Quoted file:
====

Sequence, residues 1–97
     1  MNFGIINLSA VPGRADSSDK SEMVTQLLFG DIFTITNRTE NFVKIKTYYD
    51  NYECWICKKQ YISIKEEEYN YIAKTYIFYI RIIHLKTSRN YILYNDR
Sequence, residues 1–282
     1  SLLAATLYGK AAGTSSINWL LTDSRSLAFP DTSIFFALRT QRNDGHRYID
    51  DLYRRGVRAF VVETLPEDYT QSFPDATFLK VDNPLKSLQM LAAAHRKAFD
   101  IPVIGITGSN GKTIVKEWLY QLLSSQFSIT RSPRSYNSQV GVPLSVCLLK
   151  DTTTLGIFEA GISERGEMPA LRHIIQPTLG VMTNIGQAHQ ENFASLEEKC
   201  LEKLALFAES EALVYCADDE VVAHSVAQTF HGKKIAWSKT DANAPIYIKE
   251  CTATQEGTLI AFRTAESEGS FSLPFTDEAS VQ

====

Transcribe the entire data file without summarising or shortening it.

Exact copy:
Sequence, residues 1–97
     1  MNFGIINLSA VPGRADSSDK SEMVTQLLFG DIFTITNRTE NFVKIKTYYD
    51  NYECWICKKQ YISIKEEEYN YIAKTYIFYI RIIHLKTSRN YILYNDR
Sequence, residues 1–282
     1  SLLAATLYGK AAGTSSINWL LTDSRSLAFP DTSIFFALRT QRNDGHRYID
    51  DLYRRGVRAF VVETLPEDYT QSFPDATFLK VDNPLKSLQM LAAAHRKAFD
   101  IPVIGITGSN GKTIVKEWLY QLLSSQFSIT RSPRSYNSQV GVPLSVCLLK
   151  DTTTLGIFEA GISERGEMPA LRHIIQPTLG VMTNIGQAHQ ENFASLEEKC
   201  LEKLALFAES EALVYCADDE VVAHSVAQTF HGKKIAWSKT DANAPIYIKE
   251  CTATQEGTLI AFRTAESEGS FSLPFTDEAS VQ